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Is it bad practice to pass the Context to a constructor and save it as a private variable for internal use? The other option is to pass the Context as a parameter to methods that need it.

Which is a better option? I have a feeling that passing to the constructor might result in memory leaks accidentally.

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Thank you for even bringing this up! I did it without really considering memory leaks – HXCaine May 26 '10 at 19:32
up vote 9 down vote accepted

Often, all you need is the ApplicationContext, so what you can do is pass this.getApplicationContext() instead of just this. Your app context exists for the lifetime of the app anyway, so it's not a memory leak.

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Actually normally all I want to do is use getResources() so this will do the job in my case right? – jax May 26 '10 at 16:32
    
Sure, if that's all you need. – JRL May 26 '10 at 16:39
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Please don't use getApplicationContext() unless you really know that is what you want. The main situation you will use it is for global objects that are independent of a particular activity. For objects that are associated with a specific activity, it is usually best to use that activity's context. (And for those, holding on to the context in a private variable is fine, as long as you don't have other global objects holding a reference to it and thus causing a leak.) – hackbod May 27 '10 at 6:23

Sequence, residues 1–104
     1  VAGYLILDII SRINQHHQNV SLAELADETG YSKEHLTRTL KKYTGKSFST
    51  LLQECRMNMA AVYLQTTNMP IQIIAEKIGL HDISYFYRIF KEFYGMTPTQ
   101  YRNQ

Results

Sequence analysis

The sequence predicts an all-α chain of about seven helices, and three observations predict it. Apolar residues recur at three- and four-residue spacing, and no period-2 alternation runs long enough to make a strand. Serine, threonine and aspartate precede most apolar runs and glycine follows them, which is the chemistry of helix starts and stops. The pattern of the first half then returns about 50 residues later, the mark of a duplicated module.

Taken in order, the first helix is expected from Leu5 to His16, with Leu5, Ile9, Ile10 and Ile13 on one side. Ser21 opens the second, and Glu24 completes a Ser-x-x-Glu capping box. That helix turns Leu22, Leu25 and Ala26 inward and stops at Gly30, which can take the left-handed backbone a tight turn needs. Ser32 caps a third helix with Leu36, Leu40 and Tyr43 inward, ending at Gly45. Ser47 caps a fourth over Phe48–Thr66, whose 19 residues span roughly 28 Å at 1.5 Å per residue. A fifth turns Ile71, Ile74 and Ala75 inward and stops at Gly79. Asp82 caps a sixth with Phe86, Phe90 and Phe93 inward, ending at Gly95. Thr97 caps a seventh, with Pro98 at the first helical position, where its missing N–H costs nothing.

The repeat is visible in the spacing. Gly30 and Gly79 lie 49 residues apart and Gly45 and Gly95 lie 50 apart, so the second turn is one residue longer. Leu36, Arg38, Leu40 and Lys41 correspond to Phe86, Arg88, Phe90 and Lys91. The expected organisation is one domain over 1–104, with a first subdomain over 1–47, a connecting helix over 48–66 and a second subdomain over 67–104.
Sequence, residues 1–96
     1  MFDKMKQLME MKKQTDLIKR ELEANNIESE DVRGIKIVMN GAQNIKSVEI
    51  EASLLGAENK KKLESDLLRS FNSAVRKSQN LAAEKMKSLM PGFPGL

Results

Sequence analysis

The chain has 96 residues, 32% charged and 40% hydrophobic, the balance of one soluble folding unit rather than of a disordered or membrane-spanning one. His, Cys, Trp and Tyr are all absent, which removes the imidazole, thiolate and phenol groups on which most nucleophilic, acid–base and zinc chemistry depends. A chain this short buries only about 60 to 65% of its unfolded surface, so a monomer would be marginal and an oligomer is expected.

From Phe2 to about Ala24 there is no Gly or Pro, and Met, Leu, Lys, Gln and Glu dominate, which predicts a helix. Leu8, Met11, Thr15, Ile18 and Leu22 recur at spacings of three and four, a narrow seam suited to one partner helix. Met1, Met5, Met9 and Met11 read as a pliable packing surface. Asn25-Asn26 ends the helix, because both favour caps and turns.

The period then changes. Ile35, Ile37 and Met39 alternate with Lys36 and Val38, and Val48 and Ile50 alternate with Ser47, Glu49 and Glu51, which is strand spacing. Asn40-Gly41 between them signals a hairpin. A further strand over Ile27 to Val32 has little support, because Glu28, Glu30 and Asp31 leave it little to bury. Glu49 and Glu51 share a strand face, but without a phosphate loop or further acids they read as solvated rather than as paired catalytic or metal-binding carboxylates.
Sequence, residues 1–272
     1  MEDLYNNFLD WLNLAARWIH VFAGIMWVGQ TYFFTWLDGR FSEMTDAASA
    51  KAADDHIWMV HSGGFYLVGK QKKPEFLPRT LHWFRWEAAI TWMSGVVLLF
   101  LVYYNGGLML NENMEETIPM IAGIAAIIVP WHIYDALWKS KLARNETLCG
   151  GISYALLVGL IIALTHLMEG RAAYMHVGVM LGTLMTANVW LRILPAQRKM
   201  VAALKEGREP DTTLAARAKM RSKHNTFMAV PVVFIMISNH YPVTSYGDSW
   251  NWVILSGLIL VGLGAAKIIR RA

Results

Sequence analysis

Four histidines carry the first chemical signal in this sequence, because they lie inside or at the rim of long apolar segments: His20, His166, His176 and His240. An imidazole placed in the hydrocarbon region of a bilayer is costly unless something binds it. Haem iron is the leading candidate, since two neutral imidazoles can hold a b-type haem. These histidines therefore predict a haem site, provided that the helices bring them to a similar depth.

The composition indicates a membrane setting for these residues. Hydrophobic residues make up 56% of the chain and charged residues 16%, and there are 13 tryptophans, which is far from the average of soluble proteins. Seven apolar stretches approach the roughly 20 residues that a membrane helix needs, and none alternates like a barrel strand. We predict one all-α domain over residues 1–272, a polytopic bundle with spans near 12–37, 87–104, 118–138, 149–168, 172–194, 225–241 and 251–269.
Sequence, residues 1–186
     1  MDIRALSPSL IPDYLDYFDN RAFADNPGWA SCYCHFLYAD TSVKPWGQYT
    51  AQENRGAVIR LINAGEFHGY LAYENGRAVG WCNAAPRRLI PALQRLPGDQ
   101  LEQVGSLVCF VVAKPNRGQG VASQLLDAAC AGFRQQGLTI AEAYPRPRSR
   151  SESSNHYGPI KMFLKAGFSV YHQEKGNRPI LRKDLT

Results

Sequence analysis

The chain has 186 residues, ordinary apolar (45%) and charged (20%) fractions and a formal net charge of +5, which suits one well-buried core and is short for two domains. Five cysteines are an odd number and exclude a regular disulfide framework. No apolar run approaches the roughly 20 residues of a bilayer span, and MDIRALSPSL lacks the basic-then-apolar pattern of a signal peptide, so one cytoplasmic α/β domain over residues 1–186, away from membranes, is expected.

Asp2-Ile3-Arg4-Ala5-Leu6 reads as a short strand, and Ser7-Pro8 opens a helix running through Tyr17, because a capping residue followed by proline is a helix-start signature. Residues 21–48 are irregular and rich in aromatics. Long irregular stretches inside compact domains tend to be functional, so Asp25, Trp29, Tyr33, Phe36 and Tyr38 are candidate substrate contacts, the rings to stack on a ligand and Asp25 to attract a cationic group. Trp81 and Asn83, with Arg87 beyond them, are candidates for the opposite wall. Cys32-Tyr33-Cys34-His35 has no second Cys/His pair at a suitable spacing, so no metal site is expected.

@hackbod: so to access resources for example, would you consider that an acceptable situation? – JRL May 27 '10 at 6:54
    
If you only need the Resources object, you can just use that... there is a single global Resources instance for each .apk. – hackbod May 30 '10 at 18:28

It depends on the lifetime of your object. If you're sure the Object will only ever be used internally by your Activity you'd be OK passing the Context to the constructor, otherwise don't pass the Context in.

If an Object has a reference to the Context this will stop the Activity being Garbage Collected, and since an Activity has references to all its views this means you can easily leak a lot of memory very quickly.

It's easy to catch yourself out here since things like device rotations cause Activities to be re-created and it's easy to hang on to an Object without realising.

So it's probably best to be on the safe side and pass in the Context as and when you need it.

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This is true only if the Object that references your Context is held statically or at least by another Object that outlives the Activity. – Romain Guy May 26 '10 at 18:30

In the main application (which launches), declare a variable appContext: "public static Context appContext;" Then, in the onCreate() method for this main application, assign: "appContext = this;" Because appContext is public, any other class in this package can then use appContext to track down the XML resources. Is this any better (from memory standpoint)?

Even better might be to declare the Resources object as public static in the main application and then use it elsewhere, since resources is all you need.

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